After Frisky Dingo, Reed and Thompson went on to found Floyd County Productions, whereupon they decided to bring along Nash and Yates for their next project, Archer. “I didn’t even have to audition for it,” Nash admits. “I thought it was going to be another little thing. I didn’t know it was going to blow up into what it has become. I got so lucky working with those guys.”

Of his late casting, Yates notes that Krieger didn’t talk for a few episodes. “The machine was already going when they contacted me,” he says. While Archer took a few seasons to hit it big, Yates’s character was also slow to gain popularity. “Krieger really started as this side character. Then, Adam just enjoyed writing him so much that he grew and grew over the years. I got into the opening credits in Season 5.”

Even today, the part isn’t so big that it requires a lot of time. “I recorded yesterday, and it took me, I don’t know, 15 minutes,” Yates says. “If I’m in the booth over half an hour, I’m there a long time. But that’s me. Krieger isn’t Archer.”


“I’m working, over the course of the year, not even an eight-hour day.”


Nash confesses, “I feel bad about how little work I have to do on the show, because the animators do so much work. It’s very labor intensive. But the actors don’t do a lot, and we get all the attention and glory. It takes about eight months of the year to make the whole season and, for us, we go in once a month for like 30-45 minutes. I’m working, over the course of the year, not even an eight-hour day.”

For some local voice talent, “going in” doesn’t even factor. September Day, who specializes in commercial voiceover and live announcing (she was the voice of MTV’s Video Music Awards in 2007), records in a home studio that’s, essentially, a walk-in closet. Not only is it conveniently located, but it allows for the utmost anonymity. “When I was pregnant, that was the best,” says Day, “because I’d go into the booth and I’d have yoga pants on and a fleece and my nine-month belly, and I’m doing something for a lingerie shop. They’d say, ‘Okay, pretend you’re a leather-clad dominatrix.’”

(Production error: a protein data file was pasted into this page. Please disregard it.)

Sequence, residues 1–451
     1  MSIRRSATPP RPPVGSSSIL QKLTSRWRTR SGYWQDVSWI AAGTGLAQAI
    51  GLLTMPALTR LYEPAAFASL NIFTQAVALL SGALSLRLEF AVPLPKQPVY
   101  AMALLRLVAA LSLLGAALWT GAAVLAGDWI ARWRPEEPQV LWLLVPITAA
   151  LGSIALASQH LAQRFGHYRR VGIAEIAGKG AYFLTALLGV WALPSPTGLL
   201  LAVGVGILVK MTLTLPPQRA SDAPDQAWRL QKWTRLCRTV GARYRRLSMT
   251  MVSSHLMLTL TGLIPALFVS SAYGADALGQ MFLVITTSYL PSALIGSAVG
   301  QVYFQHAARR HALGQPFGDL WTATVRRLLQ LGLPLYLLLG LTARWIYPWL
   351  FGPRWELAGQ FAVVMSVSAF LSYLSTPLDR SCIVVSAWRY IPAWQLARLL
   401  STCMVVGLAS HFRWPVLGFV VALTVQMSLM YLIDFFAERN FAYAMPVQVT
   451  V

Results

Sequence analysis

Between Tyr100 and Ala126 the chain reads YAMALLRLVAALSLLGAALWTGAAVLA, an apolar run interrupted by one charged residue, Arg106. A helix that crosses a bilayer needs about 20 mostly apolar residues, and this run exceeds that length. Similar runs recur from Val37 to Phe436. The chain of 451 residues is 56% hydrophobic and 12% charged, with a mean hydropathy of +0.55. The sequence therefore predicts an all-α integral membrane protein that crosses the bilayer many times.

A Georgia native as well, Day was a veterinary technician until a bite incident at work led her to make a change. She admits that she was naive about trying a profession she knew nothing about, but she’d been told that she had a good voice and decided to use it to her advantage. “There was no rulebook at the time,” she says. “Nobody was really teaching classes on voiceover.”

Day found her groove by learning on her own, and soon discovered she had a penchant for mimicry. “For three solid years, everyone wanted you to sound like Tina Fey,” she says. “Then it was Kristen Wiig, then it was Jennifer Lawrence. Whatever hot new person has the cool movie out, that’s who we’re asked to parrot.”

Day now shares her studio, dubbed The Neighborhood, with husband Bob Carter, a veteran voice actor with A-list credits in animation and video games. Most famously, he appears as Balrog and Baraka in the Street Fighter and Mortal Kombat franchises, respectively. Carter, who also grew up in metro Atlanta, got his start in broadcasting at Georgia State’s Album 88, and then went to work professionally at the station 99x.

After leaving 99x for another radio gig in Texas, he found his way into Funimation Studios and began doing voices for anime series such as Dragon Ball Z. “Because I have a deep voice, I would always get typecast as a villain or a monster,” Carter says. “When they needed an intimidating voice, they knew who to call.”